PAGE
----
Last March, after a surprising unanimous vote in the U.S. Senate chamber, it seemed that time may have run out on the age-old practice of changing clocks twice a year.
The problem, however, was that some senators weren’t exactly aware of the ramifications of their unanimous vote to make daylight time permanent.
That means that similar legislation, reintroduced last week, may not fly through the Senate as easily this time around. And it raised questions as to whether there might be a bright future for Canadians who support keeping daylight time all year.
“Personally, I’m more negative than I was last year,” said Thomas Gray, an assistant professor of political science at the University of Texas at Dallas. “It passed the Senate last year, but it definitely passed because people weren’t paying attention.”
U.S. bill stalled, expired, reintroduced
This Saturday, most Canadians and Americans will be setting their clocks ahead an hour as part of daylight saving time, meaning darker mornings, but more sunlight in the evenings. In the fall, clocks are moved back an hour, reverting to standard time.
However, some lawmakers in the U.S. are trying to end the biannual routine and establish daylight time throughout the year.
The Senate approved the proposed bill, called the Sunshine Protection Act, though a procedure known as unanimous consent, meaning it was passed through voice vote only, bypassing the normal debate time and vote count.
But the proposed bill had stalled for months in the House Energy and Commerce committee. It later expired at the end of the last session of Congress.
Last week, one of the sponsors and leading crusader of the bill, Republican Florida Senator Marco Rubio, reintroduced the proposed legislation in the Senate.
“This ritual of changing time twice a year is stupid,” Rubio said in a statement. “Locking the clock has overwhelming bipartisan and popular support. This Congress, I hope that we can finally get this done.”
Provinces cite need for consistency with states
The future of the bill will be closely watched by Canadians seeking to make daylight time the norm. Some provinces have been promising for years to ditch the time change, but have cited a need for consistency with U.S. states for the delays.
“We are waiting for what’s happening in the United States because there is a great benefit to alignment, especially for key provinces that have trade at stake,” said University of British Columbia (UBC) business professor Werner Antweiler, who has followed the issue.
British Columbia Premier David Eby said the province’s position of wanting to end the biannual time switch and remain “in-sync” with West Coast American states hasn’t changed
In B.C., legislation was passed four years ago to allow the province to permanently stay on daylight time. But then-premier John Horgan said the change would depend on Washington, Oregon and California doing the same.
In Ontario, Premier Doug Ford has said a switch would require New York state to also ditch the time change, while Quebec Premier François Legault has said he is open to making daylight time permanent.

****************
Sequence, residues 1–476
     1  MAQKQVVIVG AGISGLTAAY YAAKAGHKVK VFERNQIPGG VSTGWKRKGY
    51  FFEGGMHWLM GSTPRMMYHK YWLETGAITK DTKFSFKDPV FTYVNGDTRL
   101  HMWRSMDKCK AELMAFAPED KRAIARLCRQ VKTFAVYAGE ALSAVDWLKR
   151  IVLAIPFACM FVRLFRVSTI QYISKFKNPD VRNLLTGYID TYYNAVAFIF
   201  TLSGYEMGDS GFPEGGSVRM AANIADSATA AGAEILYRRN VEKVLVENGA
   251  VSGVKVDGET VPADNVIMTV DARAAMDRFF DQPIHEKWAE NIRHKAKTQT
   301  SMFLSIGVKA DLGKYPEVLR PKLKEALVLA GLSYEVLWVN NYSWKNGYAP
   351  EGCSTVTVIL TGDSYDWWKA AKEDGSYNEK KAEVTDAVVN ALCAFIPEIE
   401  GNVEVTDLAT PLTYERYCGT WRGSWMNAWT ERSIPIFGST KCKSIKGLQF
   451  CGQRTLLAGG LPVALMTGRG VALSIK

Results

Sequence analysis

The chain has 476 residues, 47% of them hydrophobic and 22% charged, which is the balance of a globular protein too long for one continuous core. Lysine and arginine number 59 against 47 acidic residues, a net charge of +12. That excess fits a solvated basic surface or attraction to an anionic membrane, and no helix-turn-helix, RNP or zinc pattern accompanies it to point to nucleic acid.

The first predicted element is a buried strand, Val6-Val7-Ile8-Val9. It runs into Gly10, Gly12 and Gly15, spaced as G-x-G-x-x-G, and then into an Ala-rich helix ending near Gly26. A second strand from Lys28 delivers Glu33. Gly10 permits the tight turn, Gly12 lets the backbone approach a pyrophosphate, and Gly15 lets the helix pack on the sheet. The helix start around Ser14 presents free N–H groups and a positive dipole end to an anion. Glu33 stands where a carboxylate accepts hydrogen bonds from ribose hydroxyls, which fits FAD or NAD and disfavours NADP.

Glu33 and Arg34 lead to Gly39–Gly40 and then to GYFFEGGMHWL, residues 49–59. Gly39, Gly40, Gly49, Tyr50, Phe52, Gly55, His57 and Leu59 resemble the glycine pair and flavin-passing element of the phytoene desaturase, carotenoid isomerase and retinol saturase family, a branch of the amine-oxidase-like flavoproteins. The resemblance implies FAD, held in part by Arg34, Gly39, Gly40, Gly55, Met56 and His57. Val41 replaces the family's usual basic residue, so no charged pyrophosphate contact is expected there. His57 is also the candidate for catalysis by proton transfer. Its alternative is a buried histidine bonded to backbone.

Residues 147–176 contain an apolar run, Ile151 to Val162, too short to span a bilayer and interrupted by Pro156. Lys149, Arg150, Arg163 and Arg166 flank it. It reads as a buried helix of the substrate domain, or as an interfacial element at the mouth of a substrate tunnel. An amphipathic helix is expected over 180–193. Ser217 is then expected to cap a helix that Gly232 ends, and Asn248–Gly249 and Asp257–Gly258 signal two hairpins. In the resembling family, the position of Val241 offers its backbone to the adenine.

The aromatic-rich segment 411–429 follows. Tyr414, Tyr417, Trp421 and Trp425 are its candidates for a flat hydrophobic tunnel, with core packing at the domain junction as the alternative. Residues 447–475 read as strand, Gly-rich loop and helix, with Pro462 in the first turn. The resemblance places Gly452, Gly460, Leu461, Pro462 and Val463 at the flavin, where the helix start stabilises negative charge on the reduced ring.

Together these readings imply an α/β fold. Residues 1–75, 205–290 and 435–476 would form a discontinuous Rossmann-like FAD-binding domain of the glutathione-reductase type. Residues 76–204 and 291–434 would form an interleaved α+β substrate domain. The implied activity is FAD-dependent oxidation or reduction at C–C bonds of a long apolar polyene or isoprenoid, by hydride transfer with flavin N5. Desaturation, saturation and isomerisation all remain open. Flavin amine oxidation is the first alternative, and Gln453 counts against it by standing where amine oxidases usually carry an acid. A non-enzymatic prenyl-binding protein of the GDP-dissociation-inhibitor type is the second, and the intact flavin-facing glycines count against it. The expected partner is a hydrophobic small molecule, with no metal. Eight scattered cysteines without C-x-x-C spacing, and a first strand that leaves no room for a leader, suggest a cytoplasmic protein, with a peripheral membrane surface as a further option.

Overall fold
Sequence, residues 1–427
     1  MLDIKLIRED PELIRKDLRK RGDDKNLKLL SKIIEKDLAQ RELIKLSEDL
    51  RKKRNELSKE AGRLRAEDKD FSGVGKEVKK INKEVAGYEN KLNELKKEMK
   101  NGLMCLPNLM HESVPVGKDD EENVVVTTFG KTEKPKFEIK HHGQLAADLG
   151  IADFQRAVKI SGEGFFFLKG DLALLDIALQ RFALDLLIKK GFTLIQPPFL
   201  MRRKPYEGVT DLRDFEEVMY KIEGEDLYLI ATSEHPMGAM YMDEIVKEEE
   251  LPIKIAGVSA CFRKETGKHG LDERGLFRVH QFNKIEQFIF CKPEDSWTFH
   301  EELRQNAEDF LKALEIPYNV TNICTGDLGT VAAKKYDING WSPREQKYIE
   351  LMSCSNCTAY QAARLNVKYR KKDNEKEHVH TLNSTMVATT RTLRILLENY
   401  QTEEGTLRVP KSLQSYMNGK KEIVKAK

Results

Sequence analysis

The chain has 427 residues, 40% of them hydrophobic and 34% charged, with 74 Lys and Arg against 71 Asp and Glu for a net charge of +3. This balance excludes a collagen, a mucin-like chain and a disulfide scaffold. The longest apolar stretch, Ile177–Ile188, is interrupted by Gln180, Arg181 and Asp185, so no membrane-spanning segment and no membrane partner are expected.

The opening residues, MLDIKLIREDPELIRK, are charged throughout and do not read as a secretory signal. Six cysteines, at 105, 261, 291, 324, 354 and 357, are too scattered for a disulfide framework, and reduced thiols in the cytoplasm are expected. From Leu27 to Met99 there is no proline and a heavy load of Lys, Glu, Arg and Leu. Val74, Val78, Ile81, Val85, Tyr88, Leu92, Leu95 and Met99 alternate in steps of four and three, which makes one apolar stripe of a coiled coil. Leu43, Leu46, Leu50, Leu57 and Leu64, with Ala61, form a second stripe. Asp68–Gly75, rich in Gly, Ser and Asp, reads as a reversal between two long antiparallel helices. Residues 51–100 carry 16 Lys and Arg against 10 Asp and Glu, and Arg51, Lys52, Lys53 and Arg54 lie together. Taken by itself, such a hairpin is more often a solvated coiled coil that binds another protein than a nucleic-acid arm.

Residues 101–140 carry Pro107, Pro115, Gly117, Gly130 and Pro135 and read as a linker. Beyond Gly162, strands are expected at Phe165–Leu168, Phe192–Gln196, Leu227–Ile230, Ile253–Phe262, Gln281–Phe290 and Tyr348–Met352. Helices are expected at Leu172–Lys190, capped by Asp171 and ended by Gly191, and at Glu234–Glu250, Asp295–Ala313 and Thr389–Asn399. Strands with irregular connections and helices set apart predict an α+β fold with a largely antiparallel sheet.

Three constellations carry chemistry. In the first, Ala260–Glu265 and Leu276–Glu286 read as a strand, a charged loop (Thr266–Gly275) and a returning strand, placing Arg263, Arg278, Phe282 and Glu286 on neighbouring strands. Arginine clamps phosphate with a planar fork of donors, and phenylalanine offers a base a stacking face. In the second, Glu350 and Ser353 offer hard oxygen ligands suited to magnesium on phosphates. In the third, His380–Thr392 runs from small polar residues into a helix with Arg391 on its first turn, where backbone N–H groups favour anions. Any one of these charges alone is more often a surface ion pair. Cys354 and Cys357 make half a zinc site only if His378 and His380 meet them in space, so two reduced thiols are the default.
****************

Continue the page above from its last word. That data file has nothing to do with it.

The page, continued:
Supporters of year-round daylight time say it would would enable children to play outdoors later, reduce car crashes, seasonal depression and crime.
Medical community supports standard time
Some in the medical community also oppose the twice a year time switch, concerned that springing forward comes with increased risk of heart attacks and strokes. But they advocate for keeping standard time all year because they say darker mornings are not in sync with the body’s natural circadian rhythms.
Some states have introduced legislation to end the changing of clocks, with some states proposing to do it only if neighbouring states do the same. And as the Washington Post reported, at least 19 states in recent years have enacted laws or passed resolutions that would allow them to impose year-round daylight time.
The issue is a rare one in D.C. in that it’s not specific to just one party — there are Republican and Democratic supporters and opponents.
“It’s somewhat of a regional issue,” said Gray, the political science professor, who was working in D.C. last March as a congressional fellow and was there during the vote.
He said many senators were shocked when the bill passed the Senate and some thought they were voting on something “totally innocuous.”
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The senators, he said, were asked by media outlets why they voted as they did. “And then they answer ‘I did what now? What did I do?’ “
Sen. John Thune, for example, whose job it was to count votes as a minority whip, learned the legislation had passed from reporters, the Washington Post reported at the time.
“Whose bill is it?” Thune asked. “It passed?”
Majority whip Sen. Richard J. Durbin (D-Ill.), also learned from the media that the legislation had passed to make the spring forward permanent. “Made what permanent?” he asked.
Gray believes the vote may have inspired those opposed to the bill to take action and be less complacent. Now, he says, both sides are fighting vigorously about the issue. “Which, to me, lowers the chance that it ultimately succeeds.”
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But Antweiler, the UBC business professor, is more optimistic, largely because the House is now run by Republicans, so the bill introduced by one of their own will be easier to pass.
“The last House was run by Nancy Pelosi, and she didn’t really have much time for focusing on an agenda that wasn’t close to theirs,” he said.
“And even though [the bill] was bipartisan, it basically got stuck in a committee. It wasn’t moved forward for what appeared to be political considerations.”